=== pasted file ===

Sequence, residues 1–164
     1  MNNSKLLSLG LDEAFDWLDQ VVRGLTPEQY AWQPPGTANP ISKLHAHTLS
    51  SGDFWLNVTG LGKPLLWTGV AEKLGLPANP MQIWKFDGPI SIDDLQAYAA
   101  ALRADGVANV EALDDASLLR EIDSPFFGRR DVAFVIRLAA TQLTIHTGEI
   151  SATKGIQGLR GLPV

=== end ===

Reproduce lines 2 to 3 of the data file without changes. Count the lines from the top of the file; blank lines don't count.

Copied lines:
     1  MNNSKLLSLG LDEAFDWLDQ VVRGLTPEQY AWQPPGTANP ISKLHAHTLS
    51  SGDFWLNVTG LGKPLLWTGV AEKLGLPANP MQIWKFDGPI SIDDLQAYAA